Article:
Bea said, “But you, Nicole/Joe, have created an environment where you have vilified so many aspects of society, that your children can’t choose to be a part of those things without fear of losing your respect. If they chose to go to public school, or vote, how do they reconcile your hatred and become someone you ridicule and find stupid?”

    And, “Nicole and Joe are doing the same thing. The only difference is you can substitute the word “gay” with : public school student, tax payer, voter, military service member…”

    These children really don’t have much freedom of choice. They are confined by their parents’ oppression and control. And their hatred.

    I am reminded of my first college roommate. She was a preacher’s daughter. Going away to college was her first freedom from what she felt was her parents’ oppressive control. It was like somebody left the gate open, and the dog was running free. She really went a little overboard, in a rebellious way. Overindulged. But eventually, it was very freeing. She had the freedom of choice, captain of her ship.

    It would not be a surprise, that some of those children will fight the oppressive control when they become young adults. It’s human nature, to want to feel free to make your own choices. And no surprise that some may go on to public higher education, vote, be a taxpayer, and maybe be involved with the military. Some may want to vaccinate, circumcise, and not breastfeed.


  17. I totally agree with Dawn that Spanish or Chinese would be more useful in this shrinking world of ours.
    (Although finger spelling does have its uses and is easier to learn.)
    I took three years of Spanish in high school and then another four+ years to become an RN. One of my first jobs was in Maryland.
    One night we had a Spanish merchant sailor brought in from his ship who was very ill and terrified. He spoke no English.

    I was called to take care of him. Even though my Spanish was far from perfect, and I had six or seven years to forget what I learned, I was able to help him and lessen his fear. My being there helped the rest of the staff understand his needs so that he could return home.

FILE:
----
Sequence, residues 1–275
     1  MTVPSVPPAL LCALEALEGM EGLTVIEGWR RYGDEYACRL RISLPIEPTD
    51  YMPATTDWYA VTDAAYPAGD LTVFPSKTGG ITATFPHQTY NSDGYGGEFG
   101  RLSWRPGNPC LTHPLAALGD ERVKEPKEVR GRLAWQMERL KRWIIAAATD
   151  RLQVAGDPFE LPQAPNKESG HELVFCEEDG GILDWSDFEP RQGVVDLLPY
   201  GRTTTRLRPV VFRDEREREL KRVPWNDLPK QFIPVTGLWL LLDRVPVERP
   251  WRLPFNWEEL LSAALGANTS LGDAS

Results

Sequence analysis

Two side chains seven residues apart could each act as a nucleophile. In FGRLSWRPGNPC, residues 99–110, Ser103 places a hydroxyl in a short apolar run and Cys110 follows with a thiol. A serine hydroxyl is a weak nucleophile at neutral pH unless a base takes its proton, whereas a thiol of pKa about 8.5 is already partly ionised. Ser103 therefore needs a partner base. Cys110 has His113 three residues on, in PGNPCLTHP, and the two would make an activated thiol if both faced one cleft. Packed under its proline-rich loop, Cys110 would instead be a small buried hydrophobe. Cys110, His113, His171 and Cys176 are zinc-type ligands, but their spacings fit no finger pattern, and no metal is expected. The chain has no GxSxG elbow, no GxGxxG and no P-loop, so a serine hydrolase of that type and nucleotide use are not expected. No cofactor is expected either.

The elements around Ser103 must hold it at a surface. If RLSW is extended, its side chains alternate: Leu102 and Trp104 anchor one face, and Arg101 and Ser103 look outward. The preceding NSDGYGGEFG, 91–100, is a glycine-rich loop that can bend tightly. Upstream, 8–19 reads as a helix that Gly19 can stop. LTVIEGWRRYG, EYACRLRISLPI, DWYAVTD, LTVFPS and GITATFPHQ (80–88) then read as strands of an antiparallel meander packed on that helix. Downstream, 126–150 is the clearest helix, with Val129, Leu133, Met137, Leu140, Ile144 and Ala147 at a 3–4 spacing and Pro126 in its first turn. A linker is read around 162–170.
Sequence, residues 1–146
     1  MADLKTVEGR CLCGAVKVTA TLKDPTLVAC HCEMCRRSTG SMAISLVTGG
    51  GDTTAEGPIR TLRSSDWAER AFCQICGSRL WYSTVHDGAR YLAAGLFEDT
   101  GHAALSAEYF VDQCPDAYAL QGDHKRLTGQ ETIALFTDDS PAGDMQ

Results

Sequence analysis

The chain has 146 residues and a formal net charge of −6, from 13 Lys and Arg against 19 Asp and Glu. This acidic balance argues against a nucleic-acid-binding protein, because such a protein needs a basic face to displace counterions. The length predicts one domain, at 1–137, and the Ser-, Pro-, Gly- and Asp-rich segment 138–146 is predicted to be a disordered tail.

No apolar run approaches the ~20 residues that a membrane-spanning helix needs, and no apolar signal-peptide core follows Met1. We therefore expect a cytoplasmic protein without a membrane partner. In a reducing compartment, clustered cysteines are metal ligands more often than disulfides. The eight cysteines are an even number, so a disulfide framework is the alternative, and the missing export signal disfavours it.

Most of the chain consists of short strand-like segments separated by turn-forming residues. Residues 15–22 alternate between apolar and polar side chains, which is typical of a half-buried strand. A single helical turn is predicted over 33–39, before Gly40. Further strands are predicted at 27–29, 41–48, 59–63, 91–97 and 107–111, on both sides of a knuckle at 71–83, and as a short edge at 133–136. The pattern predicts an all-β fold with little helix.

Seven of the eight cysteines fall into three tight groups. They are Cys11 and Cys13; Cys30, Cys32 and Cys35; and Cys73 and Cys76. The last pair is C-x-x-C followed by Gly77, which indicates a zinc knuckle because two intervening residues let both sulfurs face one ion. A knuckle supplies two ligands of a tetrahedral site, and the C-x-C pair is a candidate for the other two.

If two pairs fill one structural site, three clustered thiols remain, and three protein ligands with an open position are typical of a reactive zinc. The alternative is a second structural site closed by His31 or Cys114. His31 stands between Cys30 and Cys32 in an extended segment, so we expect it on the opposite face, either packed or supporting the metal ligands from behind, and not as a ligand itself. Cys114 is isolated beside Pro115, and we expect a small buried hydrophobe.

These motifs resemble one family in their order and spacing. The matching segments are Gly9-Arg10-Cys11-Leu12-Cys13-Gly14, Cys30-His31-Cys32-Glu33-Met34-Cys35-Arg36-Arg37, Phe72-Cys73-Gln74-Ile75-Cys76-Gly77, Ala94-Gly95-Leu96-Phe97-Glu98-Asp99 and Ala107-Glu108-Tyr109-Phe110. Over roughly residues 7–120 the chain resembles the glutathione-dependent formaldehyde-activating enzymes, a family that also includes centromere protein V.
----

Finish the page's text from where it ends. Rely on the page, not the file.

18. Actually, American Sign Language would be a great course for study seeing as the unfortunate progeny have so few choices.

    After all…

    ASL students often go on to work for the state government, either in social services, counseling, or teaching special-ed.

    What proud mother would turn-up her nose at such a bright future? Oh, right. Mrs. Naugler would…
    “Thats not what ____ wants to do. _____ is more interested in a holistic approach to ______.”
    Marvel at how quickly she fills in the blanks at every kind suggestion that her child will grow to have a career requiring a higher education. How convenient it must be, that her children hold exactly the same interests and have the same modest career-prospects as their mother, you know, the one speaking for them.
    Because god-forbid they go farther than her in life! What would she do?


  19. Because god-forbid they go farther than her in life!

    One could do nothing at all and go farther than the Naugler parents.


  20. Tekla, I hope that Cued Speech never gets more popular than ASL. That’s because CS is a tool while ASL is a language. As a Deaf person you can’t get out of CS what you do from ASL.

    That said, I think the Nicole has no freaking clue that ASL can be difficult to learn. You have grammar just like any other language, and the signs are not substitutes for words. You don’t just learn signs and use them in place of English. That’s actually something called Pidgin Signed English and may or may not be used along with Signed Exact English. I doubt she has a clue as to any of this, and I don’t think you can learn ASL without knowing this. I don’t even want to list good resources for learning ASL because I think she’s bullshitting about this and isn’t being respectful of the language or her own kids and I selfishly feel she doesn’t deserve the information until she changes her attitude. Maybe actually having proper learning tools for ASL will change her attitude but I doubt it.

    Learning ASL has all the benefits of learning another foreign language. You’d be surprised at how many random people you meet who benefit from someone signing to them. It’s just that because no one hearing really uses it, you don’t see a single Deaf person in a group of hearing people using sign. Not enough people know it. I live in a high Deaf area and few people who deal with the public know it, despite the huge amount of d/deaf here. They just say “Oh, I wish I knew it, I know so many people who use it that I should learn it! There are so many d/Deaf people here I feel embarrassed not knowing it.”